Mebane’s planning board gave a unanimous thumbs up, 9-0, Monday night to a developer’s plans for 900,000 square feet of warehouses in two buildings on about 74 acres along West Ten Road east of Mebane.
Planning board member Kurt Pearson praised the developer for his willingness to have accommodated some of the concerns expressed by neighbors during meetings before the submission of the final project.
Among the changes: 100 feet of landscape buffering around the project, rather than the 50 feet required by the city’s ordinance.
The project also proposes additional turn lanes into each of three entrances along West Ten Road, a prerequisite from the N.C. Department of Transportation.
Taylor Williams, one of the managers of Winston-Salem-based Williams Development Group, said his company traditionally builds both spec buildings, as well as “build to suit” tenants. At present, he does not have specific tenants lined up for the two warehouses, he told the planning board – one at 600,000 square feet and a smaller one at 300,000 square feet.
In an interview after the meeting, Williams noted that sometimes a spec building under construction becomes a “build to suit” situation in the middle of construction, as it has with various other of his company’s spec projects.
All of the project is in Orange County and is beyond Mebane’s current municipal limits and its extraterritorial jurisdiction (ETJ). However, the developer will seek annexation. The area is part of what Orange County has dubbed the Buckhorn Economic Development District and which that county has targeted for future industrial development and similar uses.
The development company will also pay for utility extensions from the city’s water and sewer lines which currently run near the Gravelly Hill Middle School on West Ten Road.
The project consists of two large warehouses: one, at 300,000 square feet, will be on 27.6 acres on the eastern part of the property; a second one, at 600,000 square feet, would be situated on 46.4 acres on the western portion of the property, closer to Mebane.
There will be 5-foot sidewalks along West Ten Road, as well as landscape buffering, with three entrances into the facilities, one each into the individual warehouses and another that will serve as a joint entrance to both locations.
Much of the property fronts near I-85/40.
Car and tractor trailer truck traffic
A traffic study conducted for the developer estimates 794 car trips daily “during peak hours” (defined as 7:00 – 9:00 a.m. and 4:00 to 6:00 p.m.) with 18 truck trips per day, at build-out, during those same “peak hours.”
Overall car trips are estimated to be 3,434 daily, based on a traffic study prepared for the company. Josh Reinke , of the Ramey Kemp company which conducted the study, emphasized that the estimates of overall traffic and of peak hour usage are based on comparably sized projects, in general, rather than any specific dimensions or aspects of the pending West Ten Road warehouses.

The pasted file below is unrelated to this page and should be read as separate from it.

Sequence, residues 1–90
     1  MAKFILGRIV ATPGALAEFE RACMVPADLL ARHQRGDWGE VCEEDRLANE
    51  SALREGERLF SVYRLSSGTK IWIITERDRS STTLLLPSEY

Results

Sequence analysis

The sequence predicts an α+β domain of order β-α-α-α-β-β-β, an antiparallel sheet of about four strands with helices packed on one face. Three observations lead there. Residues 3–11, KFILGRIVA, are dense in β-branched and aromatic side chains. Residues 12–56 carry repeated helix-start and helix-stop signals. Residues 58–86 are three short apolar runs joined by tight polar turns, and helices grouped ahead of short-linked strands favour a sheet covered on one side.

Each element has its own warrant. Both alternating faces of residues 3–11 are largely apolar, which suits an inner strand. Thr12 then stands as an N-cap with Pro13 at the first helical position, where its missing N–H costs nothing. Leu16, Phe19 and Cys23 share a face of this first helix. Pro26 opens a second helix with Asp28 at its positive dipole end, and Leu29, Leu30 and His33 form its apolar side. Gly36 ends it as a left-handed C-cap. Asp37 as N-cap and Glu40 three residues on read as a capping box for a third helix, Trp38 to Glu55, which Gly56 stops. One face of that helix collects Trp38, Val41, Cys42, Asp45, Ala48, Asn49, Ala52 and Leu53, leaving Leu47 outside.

He also said that there is no overall estimate of truck traffic within a 24-hour period.
The proposed warehouses are the latest in a string of distribution centers that have located, or announced plans to build, in Alamance or western Orange counties over the past several years. Developers and the county’s economic development officials have pointed to the area’s central location adjacent to two major interstate highways, I-85 and I-40.
Critics continue to oppose industrial development
Critics have charged that the industries are spoiling the idyllic, rural setting to which they’ve become accustomed and in some cases selected precisely because of its bucolic appeal. One, Beth Bronson of 1221 Buckhorn Road in Mebane, was on hand in person, and she read a letter from another, Fiona Johann, also opposing the warehouse project, as bringing “yet another industrial site” to the heretofore rural community.
Bronson said that “the size of these buildings is unprecedented,” although a much larger facility for Medline Industries, at 1.2 million square feet, has been built within a mile of the proposed project, and another under construction nearby, for Thermo Fisher Scientific, has 375,000 square feet near the corner of West Road and Buckhorn roads.
Development company Al Neyer which is building the Thermo Fisher Scientific building has also begun work on an even larger warehouse development – 5 buildings with 980,000 square feet – between I-85/40 and Buckhorn and West Ten roads behind the Petro truck stop at Buckhorn Road.
Orange County officials have repeated countered neighborhood opposition by pointing to the fact that it had designated the area for long-term industrial economic development since the 1980s. But Bronson said that concept had appeared to be dormant until the past few years when a flurry of industrial projects have been announced.
Another nearby land owner, Craig Lloyd, who hopes to develop an athletic park across from the site of the two proposed warehouses, said he “didn’t have a problem” with the developer’s proposal. “We need the jobs,” he added.
The Buckhorn Economic Development District was anticipated to be targeted for light industrial, distribution, flex space, office, and service/retail uses being located adjacent to interstate and major arterial highways, according to Mebane’s planning staff summary.
In a brief interview with The Alamance News after the planning board meeting, Taylor Williams elaborated that his company would likely not begin construction until about 2023, and even then on one of the two warehouses, but probably not both simultaneously.
As to which, the 600K or 300K building, would be the priority, he said it would largely depend on the interest and market at the time construction is ready to begin.
Mebane’s city council is expected to take up the rezoning proposal for the two warehouses at its September 12 meeting.